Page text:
Dalatidae is a smaller family of very diverse species of sharks, including Kitefins, Cookiecutters and Pocket sharks, to name a few. These dwarf- to medium-sized sharks occur almost world-wide in open ocean or on the bottom in most temperate to tropical seas; however, some species have only been found so far in single ocean basins or ridges. Dalatidae sharks have narrow, blunt snouts with strong jaws filled with small spear-like upper teeth and large blade-like interlocked lower teeth with smooth or serrated edges.
For the most part, Dalatidae sharks are poorly known and diverse. Some are solitary; others form large aggregations. Furthermore, the Cookiecutters (another bioluminescent species) and Dalatius licha bite chunks out of much larger prey items like seals and Great White sharks. They have specially-designed morphology including huge blade-like teeth and specialized pharynx and lips to create suction on their bite so they can plug, rotate and remove chunks of meat off their unsuspecting prey. Another example of strange adaptions in this family is the Pocket Shark. As the name implies, this shark has a large pocket-like gland posterior of the pectoral base. There’s only one known specimen of this shark known to scientists!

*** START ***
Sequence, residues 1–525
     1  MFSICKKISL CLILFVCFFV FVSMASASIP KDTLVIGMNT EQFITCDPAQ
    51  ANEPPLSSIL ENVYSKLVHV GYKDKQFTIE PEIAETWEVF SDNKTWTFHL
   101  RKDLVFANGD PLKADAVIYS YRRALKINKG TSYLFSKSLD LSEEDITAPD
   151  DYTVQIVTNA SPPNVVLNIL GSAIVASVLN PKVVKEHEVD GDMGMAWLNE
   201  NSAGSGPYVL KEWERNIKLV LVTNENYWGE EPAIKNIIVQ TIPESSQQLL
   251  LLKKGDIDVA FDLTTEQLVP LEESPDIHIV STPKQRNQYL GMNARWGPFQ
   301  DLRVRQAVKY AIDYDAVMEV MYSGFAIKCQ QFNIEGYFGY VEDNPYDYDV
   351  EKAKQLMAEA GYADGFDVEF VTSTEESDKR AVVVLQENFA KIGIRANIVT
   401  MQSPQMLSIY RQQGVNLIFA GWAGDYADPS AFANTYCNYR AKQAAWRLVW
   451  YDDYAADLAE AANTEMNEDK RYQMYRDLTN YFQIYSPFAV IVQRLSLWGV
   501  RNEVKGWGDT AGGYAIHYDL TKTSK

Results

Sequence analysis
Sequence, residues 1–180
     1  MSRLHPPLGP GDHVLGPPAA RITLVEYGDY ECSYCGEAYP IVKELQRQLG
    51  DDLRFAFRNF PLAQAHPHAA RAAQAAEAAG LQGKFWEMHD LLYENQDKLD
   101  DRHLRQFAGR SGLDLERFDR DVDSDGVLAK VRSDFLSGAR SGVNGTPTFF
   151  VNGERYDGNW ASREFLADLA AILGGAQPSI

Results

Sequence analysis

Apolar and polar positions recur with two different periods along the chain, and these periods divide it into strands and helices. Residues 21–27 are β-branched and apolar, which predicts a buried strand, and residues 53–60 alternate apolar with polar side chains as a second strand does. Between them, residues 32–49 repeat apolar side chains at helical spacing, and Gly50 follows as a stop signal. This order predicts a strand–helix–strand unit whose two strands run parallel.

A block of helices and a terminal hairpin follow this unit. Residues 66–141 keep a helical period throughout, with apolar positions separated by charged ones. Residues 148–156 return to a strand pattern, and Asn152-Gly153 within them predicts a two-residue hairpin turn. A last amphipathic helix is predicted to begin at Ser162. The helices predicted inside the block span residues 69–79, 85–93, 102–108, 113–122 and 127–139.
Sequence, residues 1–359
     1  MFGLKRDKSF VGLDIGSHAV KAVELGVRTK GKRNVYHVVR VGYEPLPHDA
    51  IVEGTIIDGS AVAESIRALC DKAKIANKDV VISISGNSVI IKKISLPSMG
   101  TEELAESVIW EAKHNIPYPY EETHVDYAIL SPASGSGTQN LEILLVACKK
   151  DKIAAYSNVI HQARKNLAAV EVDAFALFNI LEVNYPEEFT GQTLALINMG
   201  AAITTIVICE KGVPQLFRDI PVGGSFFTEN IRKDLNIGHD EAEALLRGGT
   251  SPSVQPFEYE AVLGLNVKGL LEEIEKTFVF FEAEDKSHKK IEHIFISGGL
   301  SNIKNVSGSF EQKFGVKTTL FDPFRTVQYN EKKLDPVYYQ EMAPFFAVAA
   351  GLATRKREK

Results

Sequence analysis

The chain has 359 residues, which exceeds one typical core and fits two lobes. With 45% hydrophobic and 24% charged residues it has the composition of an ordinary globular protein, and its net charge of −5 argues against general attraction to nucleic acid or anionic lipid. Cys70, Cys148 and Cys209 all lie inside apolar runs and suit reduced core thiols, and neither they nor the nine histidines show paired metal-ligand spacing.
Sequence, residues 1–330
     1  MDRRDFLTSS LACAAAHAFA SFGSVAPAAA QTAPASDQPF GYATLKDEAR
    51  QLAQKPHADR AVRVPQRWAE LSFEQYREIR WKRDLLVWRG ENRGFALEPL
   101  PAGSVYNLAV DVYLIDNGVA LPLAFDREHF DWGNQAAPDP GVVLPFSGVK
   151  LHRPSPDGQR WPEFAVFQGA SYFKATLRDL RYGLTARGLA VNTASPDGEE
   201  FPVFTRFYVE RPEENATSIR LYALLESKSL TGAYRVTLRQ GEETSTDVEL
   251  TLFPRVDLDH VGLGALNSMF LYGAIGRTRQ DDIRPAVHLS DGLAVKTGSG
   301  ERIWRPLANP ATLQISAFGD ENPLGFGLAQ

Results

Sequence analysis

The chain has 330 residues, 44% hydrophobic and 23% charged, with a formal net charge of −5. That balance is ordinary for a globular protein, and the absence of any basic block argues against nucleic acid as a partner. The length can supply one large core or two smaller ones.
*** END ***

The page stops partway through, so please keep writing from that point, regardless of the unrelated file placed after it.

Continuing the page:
Profile Species: Kitefin Shark (Dalatias licha)
Distribution: Atlantic, Indian and Pacific Oceans between 37 and 1800 deep in warm-temperate and tropical outer continental and insular shelves and slopes, usually on or near the bottom.
Behaviour: Known to be solitary predators but sometimes form large aggregations. Hover just above the bottom, but move into the water column to hunt.
Biology: Viviparous. Still poorly known.
Diet: Deepwater fishes including sharks. Known to “cookie-cut.”
*Brought to you by Sharks of the World, 2014.